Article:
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Far From the Madding Crowd

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Hazel 12th December 2006 04:29 PM

 

Bathsheba inherits a farm and with it 3 suitors determined to marry her, but she makes a bad choice and with this choice comes great tragedies. The plot as simple as I can make it.

 

This was my first Hardy book and I will definitely go on to read more. I really loved the names that Hardy gave to his characters: Gabriel Oak; the solid, decent, dependable shepherd, Farmer Boldwood; the middle-aged, stern and forthright farmer, and Francis Troy, the philandering rake who is also a soldier.

 

It is the events that appear out of character that cause much of the tragedy here and to Hardy's credit the events are credible and almost inevitable. My favourite creation of Hardy's was to make the normally laconic Boldwood, desperate, needy and bullying as he begs Bathsheba to promise to marry him on a number of occasions. I was actually embarrassed for him and felt a great deal of discomfort as Bathsheba squirmed.

 

I am not normally enamoured with country novels, or descriptions of the land and animals that go with this kind of novel but it seemed a perfect setting for this tale and was as much a character within as any of the humankind.

 

Surprised how much I enjoyed this and regretful that I have lived Hardy-free for so long!

 

David 12th December 2006 05:26 PM

 

Great novel, Hazel, and I'm quite envious at what you have left to discover! I also enjoyed those characters and Hardy really is skilful at taking people whom you would not think to be particularly endearing, yet giving them something through which we can empathise. Not just Boldwood, but the foolish, vain Bathsheba too. Some classic scenes, including the gloriously symbolic sword exercises Troy demonstrates to Bathsheba!

 

I'm also a huge fan of the rustic chorus, who just crack me up: some fantastic characters! You also begin to see Hardy's elegy for the disappearing ways of life in the country as the Industrial Revolution moves out from the cities to mechanise the fields. There is a sense of both celebration and sadness.

 

The inevitability you mention, Hazel, is a key concept in his writing - the idea of character being fate, as well as the patterns and cycles in lives on both the small scale of the individual as well as the grand scale of humanity form the backbone of his thinking.

 

This novel, when looked at across Hardy's work, always has the feel for me of one of Shakespeare's later comedies, such as Twelfth Night: much to amuse, but a dark undertone that threatens to consume. Just as the darkness breaks out in Shakespeare's tragedies, so that happens here with the later books, The Mayor of Casterbridge, Tess of the d'Urbervilles and Jude the Obscure. They have less of the lightness, but they are much the better novels.

 

chuntzy 12th December 2006 07:00 PM

 

Both of the above messages have brought back some good memories of reading Thomas Hardy. I, too, started with 'Far From the Madding Crowd' and then the novels David mentions. The last one I read was 'Jude the Obscure'. A terrific writer: I'll just have to borrow the latest biography of him by Claire Tomalin.

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I've just finished this and like some of you it was also my first Hardy.

 

I found the depiction of the pastoral scene very warm and inviting, but with that darker edge that David mentions.

 

Parts of it were very powerful, particularly where Boldwood was concerned. His desperation was unnerving and it was interesting to see how he was able to exert his influence over Bathsheba, whose resolve and independence was very much shattered in her dealings with Troy.

 

I almost felt angry at her for getting so caught up in him that she was stubbornly blind to his faults.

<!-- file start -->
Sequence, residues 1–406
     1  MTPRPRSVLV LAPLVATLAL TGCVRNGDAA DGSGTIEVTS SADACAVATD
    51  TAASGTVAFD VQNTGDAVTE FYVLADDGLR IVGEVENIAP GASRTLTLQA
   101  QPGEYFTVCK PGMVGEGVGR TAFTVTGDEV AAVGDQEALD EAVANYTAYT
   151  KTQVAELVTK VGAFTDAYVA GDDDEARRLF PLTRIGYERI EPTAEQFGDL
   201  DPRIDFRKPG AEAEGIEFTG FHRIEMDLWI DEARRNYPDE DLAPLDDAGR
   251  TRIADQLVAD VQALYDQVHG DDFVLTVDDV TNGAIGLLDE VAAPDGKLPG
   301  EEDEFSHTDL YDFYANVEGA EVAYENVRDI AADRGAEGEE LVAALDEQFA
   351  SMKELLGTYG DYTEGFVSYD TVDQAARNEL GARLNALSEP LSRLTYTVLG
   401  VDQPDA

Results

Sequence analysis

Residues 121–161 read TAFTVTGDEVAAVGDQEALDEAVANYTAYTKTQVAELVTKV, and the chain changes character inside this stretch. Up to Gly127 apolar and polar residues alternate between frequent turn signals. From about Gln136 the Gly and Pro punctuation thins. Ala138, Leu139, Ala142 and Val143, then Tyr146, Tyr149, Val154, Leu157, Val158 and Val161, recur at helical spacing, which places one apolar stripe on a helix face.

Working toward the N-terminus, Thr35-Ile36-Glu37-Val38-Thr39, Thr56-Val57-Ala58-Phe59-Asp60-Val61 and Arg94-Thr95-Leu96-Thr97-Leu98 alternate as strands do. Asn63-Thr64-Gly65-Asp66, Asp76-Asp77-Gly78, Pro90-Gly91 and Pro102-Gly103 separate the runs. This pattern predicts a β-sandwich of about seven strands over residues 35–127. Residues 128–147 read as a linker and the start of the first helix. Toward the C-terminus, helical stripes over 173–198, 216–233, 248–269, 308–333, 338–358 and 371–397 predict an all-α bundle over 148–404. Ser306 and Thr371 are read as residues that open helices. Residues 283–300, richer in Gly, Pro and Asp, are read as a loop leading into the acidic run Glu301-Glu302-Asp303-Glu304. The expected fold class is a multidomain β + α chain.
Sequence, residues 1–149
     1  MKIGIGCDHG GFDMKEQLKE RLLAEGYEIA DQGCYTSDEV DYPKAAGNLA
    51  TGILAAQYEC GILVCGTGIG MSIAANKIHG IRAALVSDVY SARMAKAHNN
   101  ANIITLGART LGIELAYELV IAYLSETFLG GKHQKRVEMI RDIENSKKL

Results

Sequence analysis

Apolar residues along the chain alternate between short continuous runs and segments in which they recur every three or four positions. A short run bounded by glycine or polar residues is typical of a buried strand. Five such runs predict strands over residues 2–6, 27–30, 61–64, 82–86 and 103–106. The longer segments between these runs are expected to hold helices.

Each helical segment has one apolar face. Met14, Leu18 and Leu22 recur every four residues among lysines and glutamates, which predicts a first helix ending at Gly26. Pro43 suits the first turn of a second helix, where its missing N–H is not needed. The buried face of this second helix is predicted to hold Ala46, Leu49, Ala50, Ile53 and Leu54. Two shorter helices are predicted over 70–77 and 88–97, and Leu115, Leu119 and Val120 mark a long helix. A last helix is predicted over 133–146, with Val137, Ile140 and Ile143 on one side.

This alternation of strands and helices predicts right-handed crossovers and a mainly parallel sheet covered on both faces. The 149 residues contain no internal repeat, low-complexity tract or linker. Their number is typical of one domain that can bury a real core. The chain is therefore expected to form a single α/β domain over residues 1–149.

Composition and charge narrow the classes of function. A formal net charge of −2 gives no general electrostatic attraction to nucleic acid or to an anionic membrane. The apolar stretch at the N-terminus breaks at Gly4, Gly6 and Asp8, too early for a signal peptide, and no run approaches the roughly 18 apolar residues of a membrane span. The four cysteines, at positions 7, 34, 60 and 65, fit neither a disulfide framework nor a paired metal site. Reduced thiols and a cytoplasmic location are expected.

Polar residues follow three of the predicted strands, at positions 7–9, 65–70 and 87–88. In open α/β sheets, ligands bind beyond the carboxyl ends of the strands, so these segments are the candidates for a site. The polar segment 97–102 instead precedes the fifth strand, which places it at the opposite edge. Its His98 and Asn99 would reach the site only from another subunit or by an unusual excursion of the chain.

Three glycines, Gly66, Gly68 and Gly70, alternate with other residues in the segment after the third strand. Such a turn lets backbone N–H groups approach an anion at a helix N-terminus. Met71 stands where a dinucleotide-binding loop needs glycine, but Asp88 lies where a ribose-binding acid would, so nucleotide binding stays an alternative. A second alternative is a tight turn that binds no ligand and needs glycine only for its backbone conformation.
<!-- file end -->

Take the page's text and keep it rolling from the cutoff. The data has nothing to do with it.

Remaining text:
And...

 

 

I thought it was a pity that she had to lose her independence and bravery so she could live happily ever after with the solid, dependable Oak.

 

I look forward to reading more of Hardy though.

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My first Hardy too, I think. I'm now on chapter three. I will return to this thread when I am a bit further through.

 

An aside: Is there any reason why 'heroines' in nineteenth century novels are almost always brunette? I love it as I am too, ;) but was dark hair somehow viewed as more beautiful than fair in those days. Nowadays I detect that blonde is generally seen as more beautiful than dark...

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An aside: Is there any reason why 'heroines' in nineteenth century novels are almost always brunette? I love it as I am too, ;) but was dark hair somehow viewed as more beautiful than fair in those days. Nowadays I detect that blonde is generally seen as more beautiful than dark...

 

As you will discover during the OU course, Hilary, dark and fair hair in the 19th became symbolic of moral standing and the sentimental heroines parodied in much of what you will be reading tended to have blonde hair - the heroines the readers were asked to identify with, which challenged contemporary Victorian values, tended to have brown hair.

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Then I'm glad I noticed before I started the course... ;) Phew, I had a thought. :D

 

:D Stands you in great stead for this course! Two weeks off of my exam and I am beginning to wonder why I bothered!

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Oh goodness, two weeks... at least it will all be over soon though. How have you got on so far?

 

I've done well this year but it cost a lot of blood, sweat and tears, and means I don't have to work quite as hard for the exam, but I hate revising. Revising has no prescribed structure and no guarantees. Plus you know while you are doing it that you are only ever going to use about 20% of what you revise. Plus out of 12 or 13 books I have to choose 6-8 to revise - what if I choose the wrong ones?!

 

Fortunately, Hilary you will be relieved to know that you only have to revise D&S or MM - not both! I have plumped for D&S as I enjoyed it more.

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I'm now over halfway through and am loving it. I love the fact that one of the farmworkers is called Mark Clark, and another is married to an imposing older woman and only known as Susan Tall's husband! Some of the names and characters feel a bit comically Dickensian, albeit in a rural setting. Gabriel Oak is wonderful though.

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I'm about 80 pages from the end now.

What's funny is that in the first third I was urging Bathsheba to choose Ganriel Oak over the other two, but when I got further through I was urging him not to wait for her, as I was starting not to like her very much and thought he was too good for her. But now Troy is being so awful, I feel sorry enough for her to want her to end up with Gabriel Oak again. I have no idea what happens, everyone keeps saying how dark Hardy is so I have no certainty that they all even make it to the end alive! Exciting stuff!